Well, there's only one problem with this, where do we start?
To get the maximum area, we must ensure that our `leftPointer` will eventually reach `bestLeft` and the same for our `bestRight`.

Say we decided to start from center By expanding our `leftPointer` left, it'll never reach `bestLeft`, hence failing the algorithm.

2. Why does this work?

Let's ask it the other way around, why does this not work? (proof by contradiction)

Using our greedy algorithm, there's one thing for sure, either our `leftPointer` will eventually touch `bestLeft` or `rightPointer` will eventually touch `bestRight`. Notice that `leftPointer` always moves `width - steps by rightPointer` before they meet up.

So let's say our `rightPointer` is already at `bestRight`, while our `leftPointer` has not touched `bestLeft` yet. So in what scenario our `leftPointer` doesn't touch `bestLeft`? When `rightPointer` reaches `bestLeft`, that is, we need to move our `rightPointer` from `bestRight`.

And when are we moving our `rightPointer`? When `leftPointer > rightPointer`, or `leftPointer > bestRight`. However, if that is the case, there are contradictions here:

1. if `bestRight <= bestLeft`,

\(Area = bestRight * width\) (since `bestRight` is the shorter of two) and since `leftPointer` is on the left of `bestLeft`, the width here is larger. This means that the area here is larger than `maximalArea`.

2. if `bestRight > bestLeft`,

\(Area = bestLeft * width\) and since `leftPointer > bestRight > bestLeft`, doesn't this mean that the area from `leftPointer` and `bestRight` is bigger than `maximalArea`?

``````Thus, the contradiction shows that the scenario will not happen, i.e., `leftPointer` will always reach `leftBest` and `rightPointer` will always reach `rightBest`.

[Reference from leetcode](https://leetcode.com/problems/container-with-most-water/solutions/6091/easy-concise-java-o-n-solution-with-proof-and-explanation/)
Of course, there are many more amazing explanations out [there](https://leetcode.com/problems/container-with-most-water/solutions/?q=contra&orderBy=hot), do check them out if you're not convinced by this! (at least I'm convinced by this)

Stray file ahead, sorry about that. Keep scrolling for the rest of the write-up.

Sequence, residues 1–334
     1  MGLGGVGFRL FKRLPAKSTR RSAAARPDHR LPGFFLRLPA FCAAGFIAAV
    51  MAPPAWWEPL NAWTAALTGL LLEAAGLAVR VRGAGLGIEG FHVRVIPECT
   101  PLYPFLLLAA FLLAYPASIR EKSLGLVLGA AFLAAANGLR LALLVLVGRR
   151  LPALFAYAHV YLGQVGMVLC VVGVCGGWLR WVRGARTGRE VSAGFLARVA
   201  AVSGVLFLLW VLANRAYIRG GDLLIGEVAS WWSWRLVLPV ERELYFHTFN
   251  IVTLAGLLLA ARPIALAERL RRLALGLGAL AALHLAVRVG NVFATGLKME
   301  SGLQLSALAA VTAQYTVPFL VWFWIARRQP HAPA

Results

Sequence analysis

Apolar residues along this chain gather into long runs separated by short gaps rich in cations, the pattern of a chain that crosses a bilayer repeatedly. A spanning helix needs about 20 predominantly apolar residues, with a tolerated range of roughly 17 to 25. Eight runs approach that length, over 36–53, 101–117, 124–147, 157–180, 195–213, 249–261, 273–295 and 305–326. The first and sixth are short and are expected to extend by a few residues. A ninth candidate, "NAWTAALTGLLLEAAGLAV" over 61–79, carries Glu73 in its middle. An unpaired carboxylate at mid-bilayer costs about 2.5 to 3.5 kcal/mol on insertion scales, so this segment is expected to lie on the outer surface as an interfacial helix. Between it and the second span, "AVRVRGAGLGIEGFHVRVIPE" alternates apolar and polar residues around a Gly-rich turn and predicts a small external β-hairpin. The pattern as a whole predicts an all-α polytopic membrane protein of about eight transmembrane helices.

``````

### Codes

``````def calculateArea(heights, left, right):
return min(heights[left], heights[right]) * (right - left)

class Solution:
def maxArea(self, height: List[int]) -> int:
curMax = 0
left = 0
right = len(height) - 1
while left < right:
curMax = max(curMax, calculateArea(height, left, right))
## It's the same using < or <=
if height[left] <= height[right]:
left += 1
else:
right -= 1

return curMax
``````

Notice I mentioned that it doesn't matter using < or <=, this is because if `leftPointer == rightPointer`,  Regardless of which pointer you move, the resulting area will be smaller. (width lower, but same height)

## Analysis

### Time Complexity

As we will only go through the entire array once (from moving `leftPointer` and `rightPointer`) and calculating the area once for each position, the time complexity will be \(O(n)\)

As mentioned previously, `calculateArea` is \(O(1)\)

### Space Complexity

\(O(1)\) space, as space is only allocated to pointers.

## Last Words

While this problem is not too difficult in terms of algorithm, I find the proof by contradiction to be rather interesting and widened my horizon! 🤩